These well-written and thought-provoking articles, that are clearly the result of hard work, are void of educational technology and 21st century skills. I'm not mentioning this because my field of study isn't included or the mathematical content or ideas presented aren't important. They are! The topics are crucial. Furthermore, the articles, such as the ones focusing on the achievement gap and minorities, provide some really important data that needs to be discussed. In fact, I'd say we need more of these articles.

What really fascinates me is that we have multiple engaging, parallel conversations that aren't intersecting. We have dialog about math, digital natives, educational technology, 21st century skills/learning but there is no confluence among them. Some where, some way, some how there is a symbiotic misfire that keeps these conversations apart.

When we talk about the economy, we can't just focus on one market or sector. Interest rates have an impact on stock markets, housing, and the job market. Housing can have an effect on the stock market and the job market. And the job market can have an effect on the stock and housing markets. We have to consider the parts that comprise the whole of the sum. Preparing students for life, citizenry, democracy, and work after compulsory school needs to be the result of a unifying these conversations; not a set of competing priorities with the prevailing one a result of winning the public relations battle.

When there is some merging of these conversations, layering on top of the current situation is likely the approach. When what really should be happening is an organic cultivation of 21st century learning and some form of technology (since by all indications it is essential for the new literacy). These things, I believe, have to come from within, from inside out - not an outside imposition least not for sustainability.

Let's talk specifics. Blogs and wikis are great tools that can enhance reflection, real-world writing, and collaboration of problems. Google Earth can be a great tool for measuring lines and geometrical shapes in a tangible, practical way. Sketchcasting can be used to capture solving problems that can be later viewed and listened too (they make also great anticipatory sets for the next lesson). Spreadsheets, notably Google's, are great tools for working with graphs, even collaboratively. Online surveys can be conducted to understand percentages and proportions. At the onset these tools may seem cute but looking deeper yields their importance in preparing our students for our "flat world".

I think that it's important to point out that these tools aren't proposed to replace instructional techniques but to enhance them and the learning experiences for our students. They needn't take center stage. In fact, the real value is in their transparency as a tool just as calculators are now in our classrooms. But for this to happen the conversations have to come together.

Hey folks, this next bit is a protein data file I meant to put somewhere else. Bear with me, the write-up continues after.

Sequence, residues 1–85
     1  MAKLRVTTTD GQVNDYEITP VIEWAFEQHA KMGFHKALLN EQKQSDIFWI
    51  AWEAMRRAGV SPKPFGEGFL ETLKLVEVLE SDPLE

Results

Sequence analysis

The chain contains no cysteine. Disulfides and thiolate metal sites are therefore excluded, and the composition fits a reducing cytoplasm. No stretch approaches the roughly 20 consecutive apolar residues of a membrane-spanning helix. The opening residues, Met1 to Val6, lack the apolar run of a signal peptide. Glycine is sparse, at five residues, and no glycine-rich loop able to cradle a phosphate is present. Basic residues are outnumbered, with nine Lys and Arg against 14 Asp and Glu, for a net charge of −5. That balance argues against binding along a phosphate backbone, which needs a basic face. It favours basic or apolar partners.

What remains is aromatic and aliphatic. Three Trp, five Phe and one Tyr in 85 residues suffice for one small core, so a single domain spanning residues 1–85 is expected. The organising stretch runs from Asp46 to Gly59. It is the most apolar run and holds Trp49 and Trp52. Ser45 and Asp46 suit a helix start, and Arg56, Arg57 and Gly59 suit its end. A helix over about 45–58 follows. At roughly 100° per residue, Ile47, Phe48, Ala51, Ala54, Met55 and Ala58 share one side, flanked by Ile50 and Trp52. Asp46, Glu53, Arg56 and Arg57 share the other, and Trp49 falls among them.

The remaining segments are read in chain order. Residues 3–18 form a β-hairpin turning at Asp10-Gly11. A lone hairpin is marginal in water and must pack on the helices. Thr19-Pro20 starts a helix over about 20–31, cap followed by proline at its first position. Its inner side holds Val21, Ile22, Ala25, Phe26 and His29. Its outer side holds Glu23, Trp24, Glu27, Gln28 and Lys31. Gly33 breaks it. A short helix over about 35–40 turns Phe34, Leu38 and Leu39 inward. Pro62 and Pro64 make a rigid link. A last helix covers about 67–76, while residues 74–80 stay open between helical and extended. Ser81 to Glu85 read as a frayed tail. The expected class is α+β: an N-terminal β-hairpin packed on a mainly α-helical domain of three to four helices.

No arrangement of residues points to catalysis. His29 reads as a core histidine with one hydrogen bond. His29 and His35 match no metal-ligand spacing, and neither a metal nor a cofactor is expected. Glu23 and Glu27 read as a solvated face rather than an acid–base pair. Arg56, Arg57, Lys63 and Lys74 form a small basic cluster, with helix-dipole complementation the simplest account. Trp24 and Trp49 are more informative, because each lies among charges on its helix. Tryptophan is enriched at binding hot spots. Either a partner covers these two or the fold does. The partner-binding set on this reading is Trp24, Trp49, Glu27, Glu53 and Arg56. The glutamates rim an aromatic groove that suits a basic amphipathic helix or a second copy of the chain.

Friday, November 16, 2007

21st Century Skills: Working Out the Details

Larry Cuban wrote a number of years ago that systemic policy can stop when the classroom door closes. I think in some form or another many educators have experienced this. Something comes down from "above" that may not be agreeable, practical, coincide with their beliefs and values about teaching and learning, or demonstrate that it will result in learning. It's not direct opposition or intentional defiance; rather it's a matter of the degree to which immediacy is felt.

How well does this bode for 21st century skills?

I truly believe in 21st century skills. As a result, I spend a great deal of time reading and thinking about them on a global perspective, school perspective, teacher-adoption perspective, and how I can implement them in my K-8 technology literacy classes. Despite this, 21st century skills are still a bit fuzzy to me as a classroom teacher. While many great folks are working hard on this conversation, I still sometimes come up with the question of, "What are 21st century skills exactly?".

I think, a few things needs to be addressed to make sure this "policy" is carried out even once the classroom door is closed:

  • Discussion of 21st century skills in the context of subject matter (concrete details)
  • Consideration of teacher technology adoption (no adoption means less 21st century skills)
  • Demonstrate results of 21st century skills for teachers to show enhanced learning
  • Find systemic harmony/synergy between NCLB and 21st century skills
  • Provide models of how 21st century skills look for teachers
  • Assess the assessment of 21st century skills
We often rely on traditional teaching teaching since we know the results...most of us are a products of it. The results of educational technology and 21st century skills are a great unknown for many educators. What's even more unknown is the direct connection between 21st century skills and content areas.

How can a teacher teach genres, main ideas, polynomials, fractions, health, or art incorporating 21st century skills? Moreover, how are these areas to be taught knowing that students are expected to have a certain level of proficiency? Will schools risk test scores for 21st century skills?